Robert Fisk – the Independent October 21, 2011
We loved him. We hated him. Then we loved him again. Blair slobbered over him. Then we hated him again. Then La Clinton slobbered over her BlackBerry and we really hated him even more again. Let us all pray that he wasn’t murdered. “Died of wounds suffered during capture.” What did that mean?
He was a crazy combination of Don Corleone and Donald Duck – Tom Friedman’s only moment of truth about Saddam Hussein – and we who had to watch his ridiculous march-pasts and his speeches bit our lips and wrote about Libyan tanks and marines and missiles that were supposed to take this nonsense seriously. His frogmen flipped and flapped through Green Square in the heat and we had to take this rubbish at face value and pretend that it was a real threat to Israel; just as Blair tried to persuade us (not unsuccessfully) that Gaddafi’s pathetic attempts to create “weapons of mass destruction” had been skewered. This, in a country that couldn’t repair a public lavatory.
So he is gone, the colonel who was once beloved of the Foreign Office (after the coup against King Idris), then guarded as a “safe pair of hands”, then loathed because he sent weapons to the IRA, then loved, etc, etc. Can you blame the man for thinking he was a good guy?
And did he perish so? Shot down while trying to resist? We lived with Ceausescu’s death (and that of his wife), so why not Gaddafi’s? And Gaddafi’s wife is safe. Why shouldn’t the dictator die thus? Interesting question. Did our friends in the National Transitional Council decree his demise? Or was this “natural”, a death at the hands of his enemies, an honourable end to a bad man? I wonder. How the West must have been relieved that there would be no trials, no endless speeches from the Great Leader, no defence of his regime. No trials mean no accounts of rendition and torture and no cutting of sexual parts.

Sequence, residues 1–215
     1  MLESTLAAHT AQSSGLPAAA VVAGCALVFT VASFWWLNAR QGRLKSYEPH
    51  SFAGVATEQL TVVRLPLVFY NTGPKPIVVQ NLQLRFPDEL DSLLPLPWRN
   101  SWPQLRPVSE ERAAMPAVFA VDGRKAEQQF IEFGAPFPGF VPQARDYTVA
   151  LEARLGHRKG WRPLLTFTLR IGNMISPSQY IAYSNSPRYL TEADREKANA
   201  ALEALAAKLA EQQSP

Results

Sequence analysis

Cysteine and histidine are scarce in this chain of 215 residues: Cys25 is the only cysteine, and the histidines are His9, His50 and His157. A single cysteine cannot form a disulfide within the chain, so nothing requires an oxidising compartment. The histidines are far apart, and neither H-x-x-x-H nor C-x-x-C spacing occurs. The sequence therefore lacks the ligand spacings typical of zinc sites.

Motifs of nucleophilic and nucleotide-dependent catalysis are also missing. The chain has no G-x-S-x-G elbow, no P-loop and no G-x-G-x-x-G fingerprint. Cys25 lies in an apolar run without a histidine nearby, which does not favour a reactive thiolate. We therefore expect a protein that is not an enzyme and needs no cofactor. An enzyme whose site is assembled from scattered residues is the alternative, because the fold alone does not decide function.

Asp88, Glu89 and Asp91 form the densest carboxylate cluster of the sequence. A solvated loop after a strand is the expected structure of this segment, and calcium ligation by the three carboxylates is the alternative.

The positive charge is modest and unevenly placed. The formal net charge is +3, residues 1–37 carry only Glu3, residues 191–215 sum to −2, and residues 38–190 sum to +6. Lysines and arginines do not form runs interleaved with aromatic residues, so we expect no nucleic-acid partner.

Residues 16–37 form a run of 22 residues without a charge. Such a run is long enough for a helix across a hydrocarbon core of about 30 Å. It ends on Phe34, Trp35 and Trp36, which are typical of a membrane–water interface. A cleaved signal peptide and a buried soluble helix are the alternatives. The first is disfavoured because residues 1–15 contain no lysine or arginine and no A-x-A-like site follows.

So let us not recall any grovelling to Gaddafi. More than 30 year ago, I went to Tripoli, and met the IRA man who sent the Semtex to Ireland and protected the Irish citizens in Libya, and the Libyans were quite happy that I should meet them. And why not? For this was a period in which Gaddafi was the leader of the Third World. We got used to the ways of his regime. We got used to his cruelty. We connived at it, once it became “normal”. Thus it was important to finish the documentation of his viciousness on our behalf.
Indeed, the end of any juridical evidence of torture by Gaddafi’s regime care of (of course) and on behalf of the UK government would be a good thing, wouldn’t it? The UK woman who knew all about this torture – unnamed but I know her name, so make sure she does not misbehave again – will she be safe from prosecution (which she should not be)? And will we all make cosy with Muammar Gaddafi’s mates in the aftermath of his demise?
Maybe. But let us not forget the past. Gaddafi remembered the Italian colonial rule in Libya, the repulsive Italian rule during which every Libyan had to walk in the gutter when confronted by an Italian, when Libya’s heroes were hanged in public, when Libyan freedom was regarded as “terrorism”. The oil men and the lads and lassies from the IMF are going to be treated no better with the same servitude. The Libyans are smart people. Gaddafi knew that; although, fatally, he thought himself smarter. The idea that these tribal people will suddenly “globalise” and become different is ridiculous.
Gaddafi was one of those Arab potentates for whom the moniker “crazy” was fitting, yet who spoke a kind of sanity. He did not believe in “Palestine” because he thought the Israelis had already stolen too much Arab land (correct) and he did not really believe in the Arab world – hence his tribal beliefs. He was, indeed, a very odd person.
We shall wait to find out how Gaddafi died. Was he murdered? Was he “resisting” (a good tribal thing to do)? Don’t worry – La Clinton will be happy he was “killed”.